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It May Not Be Acne — How to Tell What It Is

July 24, 2019

Who hasn’t had acne? Maybe even a pimple that lasts for months — and seems like it will stick around forever. But if you have what appears to be long-lasting acne, particularly as an adult, it could be something else. There are several rashes and skin infections that look like acne, and this infographic can help you recognize the difference.

Infographic Text


Basal cell carcinoma

A slow-growing type of skin cancer, usually caused by too much UV exposure, including sunlight and tanning lamps.

Understanding Acne

Acne is usually caused by hormone changes that trigger excess oil secretion, mostly in younger people but also adults.

The pimples (whiteheads or blackheads) typically show up on the face and neck, and can extend to the chest, shoulders or upper back. These pesky bumps can become inflamed and painful, but usually don’t itch.

Pimple Imposters and How to Recognize Them


A chronic, inflammatory skin disorder that’s often hereditary and most common in people with fair skin.


  • Persistent bursts of redness, mostly on the nose and cheeks
  • Lots of little thread veins, and/or acne-like bumps that come and go
  • Facial skin may sting, burn or feel super sensitive

Clues it’s not acne:

  • Unlike acne, you’ll see more facial flushing from dilated blood vessels
  • Environmental triggers can make it worse, including extreme temperatures, sun exposure, stress, alcohol and spicy foods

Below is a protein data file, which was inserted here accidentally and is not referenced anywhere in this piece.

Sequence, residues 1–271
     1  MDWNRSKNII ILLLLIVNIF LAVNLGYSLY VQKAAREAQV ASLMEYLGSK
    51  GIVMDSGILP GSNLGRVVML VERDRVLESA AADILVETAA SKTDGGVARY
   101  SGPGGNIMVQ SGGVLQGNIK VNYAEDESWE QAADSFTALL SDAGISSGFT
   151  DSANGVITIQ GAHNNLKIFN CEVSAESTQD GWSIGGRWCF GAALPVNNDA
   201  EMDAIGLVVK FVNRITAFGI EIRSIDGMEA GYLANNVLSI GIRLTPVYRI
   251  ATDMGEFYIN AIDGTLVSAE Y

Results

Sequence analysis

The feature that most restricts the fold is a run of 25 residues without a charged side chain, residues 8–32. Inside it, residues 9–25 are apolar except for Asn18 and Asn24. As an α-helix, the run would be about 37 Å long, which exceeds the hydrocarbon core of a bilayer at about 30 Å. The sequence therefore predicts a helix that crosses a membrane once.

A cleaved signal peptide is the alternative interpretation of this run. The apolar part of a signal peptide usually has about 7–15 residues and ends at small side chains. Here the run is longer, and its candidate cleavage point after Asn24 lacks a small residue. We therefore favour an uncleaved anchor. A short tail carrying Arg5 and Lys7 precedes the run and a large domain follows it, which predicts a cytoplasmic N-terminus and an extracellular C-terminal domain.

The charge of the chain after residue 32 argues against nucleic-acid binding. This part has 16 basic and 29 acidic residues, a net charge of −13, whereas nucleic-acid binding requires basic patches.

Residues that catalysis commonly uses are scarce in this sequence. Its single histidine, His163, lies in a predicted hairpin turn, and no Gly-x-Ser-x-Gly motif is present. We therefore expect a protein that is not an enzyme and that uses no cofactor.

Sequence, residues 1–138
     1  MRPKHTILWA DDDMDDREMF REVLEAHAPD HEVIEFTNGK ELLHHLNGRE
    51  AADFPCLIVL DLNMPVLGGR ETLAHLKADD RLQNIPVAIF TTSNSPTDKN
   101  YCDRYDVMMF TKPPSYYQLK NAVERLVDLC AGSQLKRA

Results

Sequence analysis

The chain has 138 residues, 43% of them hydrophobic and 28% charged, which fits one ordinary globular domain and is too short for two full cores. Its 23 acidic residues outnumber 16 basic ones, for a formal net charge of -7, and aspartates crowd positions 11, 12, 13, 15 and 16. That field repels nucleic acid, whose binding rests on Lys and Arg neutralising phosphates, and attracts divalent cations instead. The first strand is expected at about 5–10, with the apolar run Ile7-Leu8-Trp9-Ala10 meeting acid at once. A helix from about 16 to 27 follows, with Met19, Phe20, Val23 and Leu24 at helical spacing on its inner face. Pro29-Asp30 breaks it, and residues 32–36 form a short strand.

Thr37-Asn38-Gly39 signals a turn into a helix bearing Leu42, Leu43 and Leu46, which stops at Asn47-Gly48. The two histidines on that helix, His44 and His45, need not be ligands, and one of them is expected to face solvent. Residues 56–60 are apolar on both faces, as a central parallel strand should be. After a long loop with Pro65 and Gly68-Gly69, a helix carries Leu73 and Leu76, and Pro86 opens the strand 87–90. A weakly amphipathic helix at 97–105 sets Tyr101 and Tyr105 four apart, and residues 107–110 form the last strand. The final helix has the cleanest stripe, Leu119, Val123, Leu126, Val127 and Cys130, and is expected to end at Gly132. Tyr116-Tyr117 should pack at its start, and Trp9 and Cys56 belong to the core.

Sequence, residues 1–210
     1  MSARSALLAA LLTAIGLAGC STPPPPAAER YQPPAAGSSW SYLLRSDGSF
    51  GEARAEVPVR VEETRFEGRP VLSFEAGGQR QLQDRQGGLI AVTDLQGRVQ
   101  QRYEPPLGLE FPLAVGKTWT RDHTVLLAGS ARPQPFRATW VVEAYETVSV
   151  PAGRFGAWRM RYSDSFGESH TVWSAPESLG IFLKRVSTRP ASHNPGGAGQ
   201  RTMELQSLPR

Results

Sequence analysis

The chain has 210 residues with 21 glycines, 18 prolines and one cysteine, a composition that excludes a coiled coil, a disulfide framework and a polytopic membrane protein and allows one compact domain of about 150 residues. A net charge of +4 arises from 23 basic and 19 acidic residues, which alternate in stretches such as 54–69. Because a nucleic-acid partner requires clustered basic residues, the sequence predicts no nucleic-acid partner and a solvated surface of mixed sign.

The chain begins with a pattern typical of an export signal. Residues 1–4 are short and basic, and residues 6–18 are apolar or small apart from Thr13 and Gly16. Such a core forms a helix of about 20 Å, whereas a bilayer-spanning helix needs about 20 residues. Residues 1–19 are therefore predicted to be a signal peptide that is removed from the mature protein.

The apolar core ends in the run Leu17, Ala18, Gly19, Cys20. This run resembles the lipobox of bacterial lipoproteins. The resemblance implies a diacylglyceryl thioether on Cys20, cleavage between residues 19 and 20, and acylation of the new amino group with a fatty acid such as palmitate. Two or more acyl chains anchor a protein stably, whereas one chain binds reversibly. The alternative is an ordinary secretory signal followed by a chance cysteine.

Perioral dermatitis

An inflammatory facial rash that may be caused by topical steroids, heavy face creams, or the chloride and fluoride found in dental products.


  • A rash concentrated around the nose, mouth and chin area
  • The skin will be dry and flaky, with very small acne-like breakouts
  • The affected area tends to be itchy or suffer a burning sensation

Clues it’s not acne:

  • Unlike acne, this itchy, burning rash usually develops only around the mouth
  • It will get worse with typical acne treatments like exfoliators and benzoyl peroxide

Keratosis pilaris

A chronic skin condition caused by excess keratin that blocks hair follicles.


  • Rough red, white or skin colored bumps, often on the upper arms and legs
  • Skin with this condition is described as feeling "sandpapery"
  • Can cause itchiness and dryness in affected area

Clues it’s not acne:

  • Unlike pimples, these bumps feel rough and usually appear on dry skin
  • You’ll find them on your upper arms and the front of your thighs, rather than on your face

See Your Dermatologist for Treatment

If you think you may have any of these conditions, visit a dermatologist. He or she can examine all your symptoms to provide the right diagnosis and treatment plan.